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Unusual Species Feature On Feeds List

by 5m Editor
2 July 2010, at 1:00am

NORWAY - Claiming to feed over 50 species of aquaculture fish means Skretting has some less usual species on its list. Among the more interesting are wrasse and besugo or blackspot sea bream (Pagellus bogaraveo), both benefiting from European funding.

Wrasse, in this case Ballan wrasse (Labrus bergylta), is unusual in that it is being bred and grown to eat sea lice rather than for eating. Several teams in Norway, also in Scotland, Ireland and Russia, are working to develop commercial rearing of this species with funding from Ecofish, a part of the European Union (EU) Northern Periphery Programme that is encouraging environment-friendly fish farming.

The objective of rearing the wrasse is to introduce small numbers into pens with Atlantic salmon as a biological control, contributing to effective management of sea lice. Skretting is involved at each end of the cycle, with feeds for the broodstocks being established starting in 2009 and for the larvae they produce.

Ballan wrasse is the largest of the family; adults grow to more than 60 cm, around 3.5 kg, and it has proved to be the most effective species at eating the sea lice, which is why it was selected for this project. Also, it can withstand low water temperatures.

Kathrine Lunde, a Skretting Product Manager in Norway, gives an insight: “Taste is important in preparing feed for wrasse, which are shy feeders and scare easily. For the broodstock we are using our Vitalis Cal and Vitalis Repro feeds, already established for cod and halibut broodstock.

"We are binding the feed pellets into small blocks, with extra moisture and ingredients to increase the attraction. For the larvae we tried several feeds and our latest range of Gemma marine hatchery feeds with algal ingredients works well, potentially replacing rotifers in the protocol.

"Their high protein content seems to suit the wrasse, which is a relatively low fat fish. Hatcheries begin with Gemma Micro and progress through the sequence to Gemma Wean then Gemma Diamond after metamorphosis. When the pellet size reaches about 1.5 mm we are again adding attractants and making a moister version of the feed, as for the broodstock.”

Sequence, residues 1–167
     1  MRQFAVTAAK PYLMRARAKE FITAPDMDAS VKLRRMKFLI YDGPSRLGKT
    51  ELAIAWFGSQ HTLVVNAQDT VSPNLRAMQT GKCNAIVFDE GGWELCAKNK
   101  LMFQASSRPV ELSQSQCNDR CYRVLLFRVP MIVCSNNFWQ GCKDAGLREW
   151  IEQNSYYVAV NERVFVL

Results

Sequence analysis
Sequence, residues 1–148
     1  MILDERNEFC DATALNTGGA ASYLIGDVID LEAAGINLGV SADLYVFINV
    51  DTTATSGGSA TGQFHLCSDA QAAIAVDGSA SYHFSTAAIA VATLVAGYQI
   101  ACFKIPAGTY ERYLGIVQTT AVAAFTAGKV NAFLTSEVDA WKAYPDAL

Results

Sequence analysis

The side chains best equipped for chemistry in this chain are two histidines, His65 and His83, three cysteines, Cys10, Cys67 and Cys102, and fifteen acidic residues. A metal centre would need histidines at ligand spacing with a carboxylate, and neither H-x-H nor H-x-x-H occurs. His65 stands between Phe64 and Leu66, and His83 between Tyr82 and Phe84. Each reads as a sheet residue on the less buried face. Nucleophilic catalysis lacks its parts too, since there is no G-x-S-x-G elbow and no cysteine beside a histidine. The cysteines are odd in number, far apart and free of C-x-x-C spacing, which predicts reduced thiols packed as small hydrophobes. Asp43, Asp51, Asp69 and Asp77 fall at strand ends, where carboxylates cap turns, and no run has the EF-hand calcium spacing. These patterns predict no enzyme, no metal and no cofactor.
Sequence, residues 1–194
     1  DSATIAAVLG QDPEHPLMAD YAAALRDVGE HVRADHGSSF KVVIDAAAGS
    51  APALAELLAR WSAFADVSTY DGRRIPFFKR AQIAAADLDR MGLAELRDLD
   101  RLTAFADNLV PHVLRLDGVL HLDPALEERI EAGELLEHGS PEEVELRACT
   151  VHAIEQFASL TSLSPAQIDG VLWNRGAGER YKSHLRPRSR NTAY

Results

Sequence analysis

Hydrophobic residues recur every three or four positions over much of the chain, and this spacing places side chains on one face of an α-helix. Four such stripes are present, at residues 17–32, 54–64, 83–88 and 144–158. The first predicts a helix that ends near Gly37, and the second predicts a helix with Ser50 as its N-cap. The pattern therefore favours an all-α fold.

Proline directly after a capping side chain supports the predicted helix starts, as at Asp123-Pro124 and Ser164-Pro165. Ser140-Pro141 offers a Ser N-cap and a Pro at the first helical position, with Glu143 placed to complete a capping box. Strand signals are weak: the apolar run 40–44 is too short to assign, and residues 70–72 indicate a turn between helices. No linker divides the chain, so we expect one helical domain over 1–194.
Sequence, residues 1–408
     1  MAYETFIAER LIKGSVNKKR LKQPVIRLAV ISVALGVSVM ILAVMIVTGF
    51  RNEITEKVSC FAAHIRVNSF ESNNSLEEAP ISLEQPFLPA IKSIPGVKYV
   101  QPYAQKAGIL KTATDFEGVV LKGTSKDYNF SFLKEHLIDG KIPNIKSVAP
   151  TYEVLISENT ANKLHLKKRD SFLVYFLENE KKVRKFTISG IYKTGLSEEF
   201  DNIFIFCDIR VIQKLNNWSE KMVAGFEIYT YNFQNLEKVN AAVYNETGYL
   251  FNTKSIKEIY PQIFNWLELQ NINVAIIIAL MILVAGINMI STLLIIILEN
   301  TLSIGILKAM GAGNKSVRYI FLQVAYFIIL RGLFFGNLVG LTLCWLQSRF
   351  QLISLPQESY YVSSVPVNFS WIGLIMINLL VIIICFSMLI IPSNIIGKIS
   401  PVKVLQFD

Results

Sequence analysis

The blackspot sea bream is a deep water fish popular for eating in several countries, especially around the Mediterranean. Yields from the wild catch were dropping, and are subject to quotas, which encouraged one company in Spain, Isidro de la Cal, to try farming it.

However, it proved more difficult than its relative the gilthead sea bream. Attempts to overcome the problems, with support from the EU EUREKA project, led the company to look for external expertise, including its own hatchery company Luso Hispaña de Acuicultura and feed company Skretting.

Fernando Sanz, the commercial manager of Skretting España introduced them to Skretting ARC. Skretting specialists in Spain and Norway then ran a series of trials with feeds based a variety of raw materials.

“The result,” says Mr Sanz, “is a high energy formulation that enables the blackspot bream to grow faster than in the wild. We named it Blackspot Power and are producing it as a commercial product.”

The farm is now supplying black spot bream at competitive prices to supermarkets in Spain.

5m Editor

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